inside the man

Tuesday, October 25, 2005

Inside a penetration testing shop

Its one thing to build Nessus on your Linux box, click all tests on, enter a target IP, click go, and watch the test progress bar grow. After hundreds of thousands of Ethernet TX/RX LED flickers, Nessus will present you with a nicely formatted report of any and all vulnerabilities it discovers - including an inevitable rash of false positives. It is an entirely different thing to get a well trained and well equipped team of white hat hackers to try and bust into your critical web based systems. Do not get me wrong, Nessus is a spectacular information security tool, but just as people are better than computers at playing the game of go, people are better than automated tools at uncovering system vulnerabilities. This is especially true in the realm of web application vulnerabilities, an area where the available tools have not reached the level of sophistication that Nessus and its commercial counterparts have for general remote host audits.

Jeremiah Gossman has a column on BetaNews that gives an inside look into his web application security outfit, WhiteHat Security. Here is an excerpt.

"With the necessary paperwork signed and account credentials generated, we were ready to go. The URL and username/password were revealed to the racers and the symbolic green flag dropped. The next several seconds we heard nothing but mouse clicks and keyboard tapping.

From past experience we've learned that the fastest way to victory is to target the search boxes first and try for a speedy XSS win. Search boxes are notorious for such insecurities. It's a cheap trick, but it works. Next, it's best to look for input parameters and determine if any of them echo URL query data, indicating another potential spot for XSS.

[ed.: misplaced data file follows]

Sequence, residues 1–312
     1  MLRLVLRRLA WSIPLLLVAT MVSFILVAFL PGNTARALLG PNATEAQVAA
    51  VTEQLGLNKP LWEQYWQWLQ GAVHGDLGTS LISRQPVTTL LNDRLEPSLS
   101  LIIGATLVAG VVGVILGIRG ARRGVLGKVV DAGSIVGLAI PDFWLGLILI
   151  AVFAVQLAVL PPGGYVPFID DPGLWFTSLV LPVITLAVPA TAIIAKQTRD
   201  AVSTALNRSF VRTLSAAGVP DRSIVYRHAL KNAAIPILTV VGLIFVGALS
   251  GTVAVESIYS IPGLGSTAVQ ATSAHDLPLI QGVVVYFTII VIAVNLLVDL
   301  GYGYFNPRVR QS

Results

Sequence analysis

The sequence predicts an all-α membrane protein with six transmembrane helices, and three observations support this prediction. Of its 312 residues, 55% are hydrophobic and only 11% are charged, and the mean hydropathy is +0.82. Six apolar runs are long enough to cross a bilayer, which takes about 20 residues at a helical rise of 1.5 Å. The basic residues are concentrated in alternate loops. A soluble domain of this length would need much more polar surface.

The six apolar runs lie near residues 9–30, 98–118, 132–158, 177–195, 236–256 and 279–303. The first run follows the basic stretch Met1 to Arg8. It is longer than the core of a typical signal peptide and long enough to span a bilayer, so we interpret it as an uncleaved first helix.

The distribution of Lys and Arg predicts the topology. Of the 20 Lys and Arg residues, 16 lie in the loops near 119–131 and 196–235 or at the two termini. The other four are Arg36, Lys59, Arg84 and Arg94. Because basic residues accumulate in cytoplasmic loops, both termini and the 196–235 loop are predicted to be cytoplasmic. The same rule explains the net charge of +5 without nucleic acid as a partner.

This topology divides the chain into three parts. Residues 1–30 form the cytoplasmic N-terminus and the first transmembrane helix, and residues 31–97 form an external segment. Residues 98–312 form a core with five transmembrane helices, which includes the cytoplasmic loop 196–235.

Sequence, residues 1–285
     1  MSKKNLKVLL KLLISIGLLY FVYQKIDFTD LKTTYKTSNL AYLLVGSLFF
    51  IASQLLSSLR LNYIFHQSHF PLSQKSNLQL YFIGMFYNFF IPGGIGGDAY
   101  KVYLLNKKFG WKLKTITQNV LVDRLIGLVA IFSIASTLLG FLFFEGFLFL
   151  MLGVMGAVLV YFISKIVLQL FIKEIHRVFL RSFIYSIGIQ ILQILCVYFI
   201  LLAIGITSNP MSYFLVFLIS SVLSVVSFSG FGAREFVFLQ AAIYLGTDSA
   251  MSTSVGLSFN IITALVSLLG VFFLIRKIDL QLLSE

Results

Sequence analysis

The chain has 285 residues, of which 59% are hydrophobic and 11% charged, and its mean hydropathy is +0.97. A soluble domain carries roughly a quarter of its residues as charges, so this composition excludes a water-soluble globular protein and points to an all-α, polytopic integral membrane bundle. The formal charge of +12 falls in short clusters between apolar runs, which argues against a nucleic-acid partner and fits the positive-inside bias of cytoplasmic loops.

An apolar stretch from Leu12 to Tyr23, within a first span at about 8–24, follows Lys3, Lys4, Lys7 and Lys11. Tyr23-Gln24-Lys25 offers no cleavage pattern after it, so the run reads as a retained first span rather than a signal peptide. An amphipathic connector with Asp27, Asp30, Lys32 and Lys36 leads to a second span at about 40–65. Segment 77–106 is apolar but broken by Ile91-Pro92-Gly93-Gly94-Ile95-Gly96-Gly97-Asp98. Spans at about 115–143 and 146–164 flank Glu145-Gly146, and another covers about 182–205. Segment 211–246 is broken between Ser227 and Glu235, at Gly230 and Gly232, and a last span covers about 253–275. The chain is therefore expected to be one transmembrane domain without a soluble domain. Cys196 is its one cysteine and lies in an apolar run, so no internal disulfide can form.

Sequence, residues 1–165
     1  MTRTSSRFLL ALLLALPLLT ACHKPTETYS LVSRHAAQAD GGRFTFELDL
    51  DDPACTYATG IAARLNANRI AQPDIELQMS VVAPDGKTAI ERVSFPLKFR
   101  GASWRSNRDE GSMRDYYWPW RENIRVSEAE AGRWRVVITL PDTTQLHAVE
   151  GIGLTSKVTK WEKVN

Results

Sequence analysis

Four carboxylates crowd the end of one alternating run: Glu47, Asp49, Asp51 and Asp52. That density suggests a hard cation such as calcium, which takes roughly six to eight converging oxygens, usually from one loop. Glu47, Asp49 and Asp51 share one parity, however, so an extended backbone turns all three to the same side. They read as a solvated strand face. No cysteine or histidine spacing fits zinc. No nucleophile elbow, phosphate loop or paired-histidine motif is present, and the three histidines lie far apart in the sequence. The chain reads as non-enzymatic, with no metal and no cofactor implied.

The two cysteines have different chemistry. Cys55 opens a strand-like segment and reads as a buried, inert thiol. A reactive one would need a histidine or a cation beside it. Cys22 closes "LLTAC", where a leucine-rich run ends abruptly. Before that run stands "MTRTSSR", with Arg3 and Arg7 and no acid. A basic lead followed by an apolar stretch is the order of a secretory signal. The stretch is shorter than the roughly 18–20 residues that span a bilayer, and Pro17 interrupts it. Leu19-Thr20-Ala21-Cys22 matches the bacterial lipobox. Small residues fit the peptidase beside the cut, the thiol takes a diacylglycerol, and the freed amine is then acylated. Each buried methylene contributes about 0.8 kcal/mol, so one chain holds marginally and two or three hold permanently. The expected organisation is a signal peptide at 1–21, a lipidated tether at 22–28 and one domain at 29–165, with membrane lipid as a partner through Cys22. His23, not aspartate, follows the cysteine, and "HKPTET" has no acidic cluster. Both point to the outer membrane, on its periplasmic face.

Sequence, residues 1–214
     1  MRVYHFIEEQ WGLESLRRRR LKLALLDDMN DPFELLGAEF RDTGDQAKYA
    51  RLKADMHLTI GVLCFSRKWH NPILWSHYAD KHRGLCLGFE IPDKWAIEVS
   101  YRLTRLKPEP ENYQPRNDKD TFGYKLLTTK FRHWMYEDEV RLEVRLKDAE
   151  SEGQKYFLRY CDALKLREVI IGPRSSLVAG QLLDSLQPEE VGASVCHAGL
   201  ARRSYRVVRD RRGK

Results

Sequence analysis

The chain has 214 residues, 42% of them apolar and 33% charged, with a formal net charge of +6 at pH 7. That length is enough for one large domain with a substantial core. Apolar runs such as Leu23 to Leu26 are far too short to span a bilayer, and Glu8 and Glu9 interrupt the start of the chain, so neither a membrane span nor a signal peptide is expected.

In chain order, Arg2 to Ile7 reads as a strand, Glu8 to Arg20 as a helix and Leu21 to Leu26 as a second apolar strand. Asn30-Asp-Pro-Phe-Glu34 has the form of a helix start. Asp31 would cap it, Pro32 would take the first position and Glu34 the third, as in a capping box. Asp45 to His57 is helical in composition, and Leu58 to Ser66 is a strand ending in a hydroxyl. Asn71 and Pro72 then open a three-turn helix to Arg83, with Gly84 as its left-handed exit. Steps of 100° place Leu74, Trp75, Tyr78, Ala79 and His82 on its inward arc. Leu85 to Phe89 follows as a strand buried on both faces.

The first 60 seconds of the race flew by. Nervousness set in because we knew that at any moment someone was going to claim speed-hack victory. Bill Pennington (WhiteHat's VP of Services), in what is becoming a trend, identified the first vulnerability (XSS) in about 1 minute 30 seconds. In classic style, we cried foul because he could arguably only exploit himself with XSS and represented no further risk.

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Edmonton, Alberta, Canada
Returned to working as a Management Consultant, specializing in risk, security, and regulatory compliance, with Fujitsu Canada after running the IT shop in the largest library in the South Pacific.

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